A year after aerial photos of uncontacted tribes from Brazil astounded the world, Survival International has released another set of startling closed-up photos of uncontacted Indians in southeast Peru.

The new photographs, distributed by Survival International on Thursday, show family members of the Mashco-Piro tribe observing an expedition of the Spanish Geographical Society from across the Alto Madre de Dios river in the Amazon basin of southeastern Peru. The photos were captured through a telescope by Spanish explorer Diego Cortijo on Nov. 16, 2011.

Survival International has listed the Mashco-Piro tribe as one of around 100 uncontacted indigenous tribes in the world. According to it, the Mashco-Piro tribe is known to inhabit the Manu National Park, but sightings of them have increased in recent months.

Illegal logging in and around the park and low flying helicopters from nearby oil and gas projects are blamed for forcibly displacing the Indians from their forest homes. Here is a video that shows a man of the Murunahua tribe who lost his eye when he was shot by loggers during first contact. Jorge, the man, recalls the tragedy like this:

The newly released photos are claimed to be the most detailed sightings of uncontacted Indians ever recorded on camera.

According to Survival International, the danger of contacting tribes who choose to remain isolated is very high. Recently, a man named Nicolas Shaco Flores was shot by an uncontacted tribe's arrow near the Manú National Park in Peru when he attempted to contact them.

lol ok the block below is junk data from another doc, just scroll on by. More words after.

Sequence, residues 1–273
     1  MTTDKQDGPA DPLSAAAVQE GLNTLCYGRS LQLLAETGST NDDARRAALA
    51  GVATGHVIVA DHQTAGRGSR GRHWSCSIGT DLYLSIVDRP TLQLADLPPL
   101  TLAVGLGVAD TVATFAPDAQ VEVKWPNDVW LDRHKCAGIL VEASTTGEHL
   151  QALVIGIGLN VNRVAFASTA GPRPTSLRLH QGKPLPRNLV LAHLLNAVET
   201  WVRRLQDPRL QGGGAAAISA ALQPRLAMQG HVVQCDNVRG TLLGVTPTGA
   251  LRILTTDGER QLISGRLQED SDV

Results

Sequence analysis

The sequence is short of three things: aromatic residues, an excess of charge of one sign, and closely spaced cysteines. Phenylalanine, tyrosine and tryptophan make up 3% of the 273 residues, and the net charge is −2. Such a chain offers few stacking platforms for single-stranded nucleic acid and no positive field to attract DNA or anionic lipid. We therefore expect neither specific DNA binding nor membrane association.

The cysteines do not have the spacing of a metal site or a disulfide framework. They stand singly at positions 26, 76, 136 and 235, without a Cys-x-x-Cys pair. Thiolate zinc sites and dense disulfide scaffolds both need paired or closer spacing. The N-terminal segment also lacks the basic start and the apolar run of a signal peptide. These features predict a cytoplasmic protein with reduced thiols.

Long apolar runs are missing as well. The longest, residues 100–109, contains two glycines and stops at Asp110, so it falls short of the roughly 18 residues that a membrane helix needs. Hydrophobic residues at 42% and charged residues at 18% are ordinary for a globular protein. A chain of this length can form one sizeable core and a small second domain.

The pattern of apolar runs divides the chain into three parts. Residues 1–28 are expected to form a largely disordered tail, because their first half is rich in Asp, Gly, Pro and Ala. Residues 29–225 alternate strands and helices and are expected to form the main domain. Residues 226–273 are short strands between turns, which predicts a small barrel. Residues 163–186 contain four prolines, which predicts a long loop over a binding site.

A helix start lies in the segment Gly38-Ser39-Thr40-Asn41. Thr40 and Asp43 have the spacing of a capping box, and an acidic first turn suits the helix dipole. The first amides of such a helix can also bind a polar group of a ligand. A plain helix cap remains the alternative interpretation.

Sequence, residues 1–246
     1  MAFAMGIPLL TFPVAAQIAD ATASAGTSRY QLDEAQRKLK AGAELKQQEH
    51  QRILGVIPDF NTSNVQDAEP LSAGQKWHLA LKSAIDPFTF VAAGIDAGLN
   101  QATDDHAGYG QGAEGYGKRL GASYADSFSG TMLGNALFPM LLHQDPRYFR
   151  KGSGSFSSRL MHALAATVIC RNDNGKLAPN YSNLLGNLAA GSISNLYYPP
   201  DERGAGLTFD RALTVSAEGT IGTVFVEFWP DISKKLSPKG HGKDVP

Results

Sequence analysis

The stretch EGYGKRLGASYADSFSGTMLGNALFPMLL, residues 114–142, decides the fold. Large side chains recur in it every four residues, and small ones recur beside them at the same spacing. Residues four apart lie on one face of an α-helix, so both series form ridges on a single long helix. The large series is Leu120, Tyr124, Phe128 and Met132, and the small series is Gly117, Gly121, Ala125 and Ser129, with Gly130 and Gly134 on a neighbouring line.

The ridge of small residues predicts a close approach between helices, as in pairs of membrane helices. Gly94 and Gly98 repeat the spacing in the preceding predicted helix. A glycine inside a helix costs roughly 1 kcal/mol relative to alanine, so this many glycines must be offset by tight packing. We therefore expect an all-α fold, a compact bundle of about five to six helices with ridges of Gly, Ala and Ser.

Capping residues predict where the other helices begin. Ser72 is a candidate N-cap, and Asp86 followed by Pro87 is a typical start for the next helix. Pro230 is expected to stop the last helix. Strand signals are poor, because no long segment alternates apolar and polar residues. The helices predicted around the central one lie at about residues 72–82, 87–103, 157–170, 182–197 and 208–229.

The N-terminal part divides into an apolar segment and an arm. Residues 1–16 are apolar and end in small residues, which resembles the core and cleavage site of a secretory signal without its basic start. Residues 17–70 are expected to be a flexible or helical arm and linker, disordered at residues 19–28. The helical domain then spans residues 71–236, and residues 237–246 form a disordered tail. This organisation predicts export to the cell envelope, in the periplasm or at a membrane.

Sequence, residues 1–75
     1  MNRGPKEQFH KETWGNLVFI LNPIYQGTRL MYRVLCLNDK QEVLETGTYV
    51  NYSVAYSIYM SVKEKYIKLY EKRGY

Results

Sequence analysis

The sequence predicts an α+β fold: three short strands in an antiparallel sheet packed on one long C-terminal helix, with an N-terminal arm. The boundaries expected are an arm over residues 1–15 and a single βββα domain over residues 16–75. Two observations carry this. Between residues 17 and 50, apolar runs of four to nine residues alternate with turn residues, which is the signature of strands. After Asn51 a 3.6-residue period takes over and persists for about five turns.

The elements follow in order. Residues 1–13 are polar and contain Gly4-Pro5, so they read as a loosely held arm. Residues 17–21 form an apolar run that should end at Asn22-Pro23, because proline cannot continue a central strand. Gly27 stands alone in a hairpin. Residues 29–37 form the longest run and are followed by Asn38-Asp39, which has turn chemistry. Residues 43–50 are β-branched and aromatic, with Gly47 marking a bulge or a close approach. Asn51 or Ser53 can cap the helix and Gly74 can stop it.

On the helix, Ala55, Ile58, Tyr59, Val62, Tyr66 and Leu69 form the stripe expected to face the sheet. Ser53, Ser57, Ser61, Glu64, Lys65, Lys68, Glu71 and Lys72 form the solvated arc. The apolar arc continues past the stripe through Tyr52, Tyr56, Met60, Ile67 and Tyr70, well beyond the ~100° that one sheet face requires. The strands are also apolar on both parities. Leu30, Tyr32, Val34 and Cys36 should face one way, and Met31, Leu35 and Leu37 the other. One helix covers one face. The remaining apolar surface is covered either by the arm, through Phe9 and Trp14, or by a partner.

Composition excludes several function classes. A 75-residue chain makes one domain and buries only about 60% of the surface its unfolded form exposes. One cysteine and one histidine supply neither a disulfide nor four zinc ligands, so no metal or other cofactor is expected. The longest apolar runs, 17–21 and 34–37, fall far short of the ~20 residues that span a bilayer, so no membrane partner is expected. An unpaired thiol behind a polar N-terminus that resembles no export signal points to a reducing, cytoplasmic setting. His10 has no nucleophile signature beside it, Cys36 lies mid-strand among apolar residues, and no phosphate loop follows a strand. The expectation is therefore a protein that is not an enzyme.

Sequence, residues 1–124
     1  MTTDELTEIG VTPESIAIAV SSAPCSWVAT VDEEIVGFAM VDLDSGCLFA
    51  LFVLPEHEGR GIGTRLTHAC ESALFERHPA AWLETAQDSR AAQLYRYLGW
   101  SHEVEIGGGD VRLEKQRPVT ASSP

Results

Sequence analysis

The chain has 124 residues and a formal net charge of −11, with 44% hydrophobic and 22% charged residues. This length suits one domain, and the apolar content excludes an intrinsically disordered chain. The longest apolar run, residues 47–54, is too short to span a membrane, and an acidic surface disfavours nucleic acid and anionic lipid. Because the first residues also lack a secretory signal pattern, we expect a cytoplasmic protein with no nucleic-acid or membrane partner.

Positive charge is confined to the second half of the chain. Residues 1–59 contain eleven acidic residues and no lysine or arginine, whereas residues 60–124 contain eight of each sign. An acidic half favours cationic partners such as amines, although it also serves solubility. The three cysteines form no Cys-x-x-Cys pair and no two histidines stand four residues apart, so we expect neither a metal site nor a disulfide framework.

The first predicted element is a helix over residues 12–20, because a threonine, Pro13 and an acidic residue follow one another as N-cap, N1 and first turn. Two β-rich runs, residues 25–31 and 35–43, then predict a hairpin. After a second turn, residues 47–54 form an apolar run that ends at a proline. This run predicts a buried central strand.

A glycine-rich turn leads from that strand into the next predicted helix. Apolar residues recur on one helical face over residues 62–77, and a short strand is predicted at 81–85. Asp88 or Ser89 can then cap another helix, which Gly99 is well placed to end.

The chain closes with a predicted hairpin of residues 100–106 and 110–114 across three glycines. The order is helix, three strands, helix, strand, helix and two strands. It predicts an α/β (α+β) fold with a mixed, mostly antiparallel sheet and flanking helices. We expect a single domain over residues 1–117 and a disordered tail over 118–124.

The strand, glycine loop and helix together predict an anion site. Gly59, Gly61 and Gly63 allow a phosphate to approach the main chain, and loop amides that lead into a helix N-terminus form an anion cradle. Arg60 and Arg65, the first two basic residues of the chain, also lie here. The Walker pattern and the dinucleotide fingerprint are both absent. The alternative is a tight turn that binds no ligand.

Flores reportedly had been leaving food and gifts for a small group of Mashco-Piro Indians for the last 20 years.

Contact could happen at any time, Beatriz Huertas, a Peruvian expert on uncontacted tribes, told Survival. We must implement preventative measures and a contingency plan with local authorities as soon as possible to ensure this does not happen again.

SERNANP, Peru's Ministry for Protected Areas, closed off the protected areas to tourists and an emergency warning issued to local residents, after Survival expressed its concern to the ministry at a video, showing tourists leaving clothes for the Indians on riverbanks.

According to Stephen Corry, Director at Survival International, the new photos provide overwhelming evidence of the existence of uncontacted tribes. It is no longer acceptable for governments, companies or anthropologists to deny this, said Corry.

Survival International estimates that there are 15 uncontacted tribes in Peru. All of them live in the most remote, isolated regions of the Amazon rainforest. The tribes include the Cacataibo, Isconahua, Matsigenka, Mashco-Piro, Mastanahua, Murunahua (or Chitonahua), Nanti and Yora.

Also read: Tourism Pushing Andaman Aborigines to Tipping Point 

Have a look at the photos below:

Members
Members of the Mashco-Piro tribe observe an expedition of the Spanish Geographical Society from across the Alto Madre de Dios river in the Amazon basin of southeastern Peru, as photographed through a telescope by Spanish explorer Diego Cortijo on November 16, 2011. D. Cortijo/www.uncontactedtribes.org

Startling
Startling New Photos of Uncontacted Tribe in Peru Released. G. Gali/uncontactedtribes.org